Thursday, June 11, 2009
Evidence Based Policy, Law, and Uncertainty
In some cases, incorporating systematic reviews into legal proceedings will be relatively easy. When the review conclusively (according to some decision rule) establishes that causation either exists or does not exist (or, more precisely, conclusively establishes such a finding for now), then the judge's next step is straightforward. The judge can include one side's testimony and exclude the other's, and the risk of jury confusion is low. But what happens when the systematic review returns an uncertain result--causation may exist, but the research base is currently too weak to say much either way?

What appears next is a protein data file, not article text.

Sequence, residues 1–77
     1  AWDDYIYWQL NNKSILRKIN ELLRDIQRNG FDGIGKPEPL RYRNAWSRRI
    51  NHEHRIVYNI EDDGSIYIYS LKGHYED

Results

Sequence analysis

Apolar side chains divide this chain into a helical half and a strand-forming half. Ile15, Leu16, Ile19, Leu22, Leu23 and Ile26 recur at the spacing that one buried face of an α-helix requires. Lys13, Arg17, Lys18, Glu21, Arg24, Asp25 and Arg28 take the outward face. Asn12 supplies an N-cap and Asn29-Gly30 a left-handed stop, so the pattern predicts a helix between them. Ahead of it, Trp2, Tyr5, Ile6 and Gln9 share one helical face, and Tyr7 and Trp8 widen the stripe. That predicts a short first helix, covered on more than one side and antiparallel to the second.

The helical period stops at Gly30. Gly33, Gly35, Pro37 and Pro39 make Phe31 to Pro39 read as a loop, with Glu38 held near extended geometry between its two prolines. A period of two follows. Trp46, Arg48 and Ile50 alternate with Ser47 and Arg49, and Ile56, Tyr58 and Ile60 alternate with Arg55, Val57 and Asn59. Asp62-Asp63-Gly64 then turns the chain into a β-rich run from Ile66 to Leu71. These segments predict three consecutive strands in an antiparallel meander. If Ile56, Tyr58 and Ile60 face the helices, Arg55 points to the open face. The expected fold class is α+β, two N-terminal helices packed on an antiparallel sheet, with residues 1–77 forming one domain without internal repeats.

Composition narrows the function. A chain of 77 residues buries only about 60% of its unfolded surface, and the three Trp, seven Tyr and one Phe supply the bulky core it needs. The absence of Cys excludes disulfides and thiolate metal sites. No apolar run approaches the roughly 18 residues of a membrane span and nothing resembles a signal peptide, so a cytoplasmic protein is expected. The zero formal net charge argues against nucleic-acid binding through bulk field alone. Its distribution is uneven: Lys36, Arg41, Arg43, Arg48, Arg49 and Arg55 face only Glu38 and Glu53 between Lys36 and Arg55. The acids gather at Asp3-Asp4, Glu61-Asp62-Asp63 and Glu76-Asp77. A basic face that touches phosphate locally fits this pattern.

Posted by John Pfaff on June 11, 2009 at 11:26 AM | Permalink
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A very interesting post. You might want to look at Stein & Porat, Tort Liability Under Uncertainty (Oxford 2001).
Posted by: Alexandra Lahav | Jun 11, 2009 2:23:34 PM
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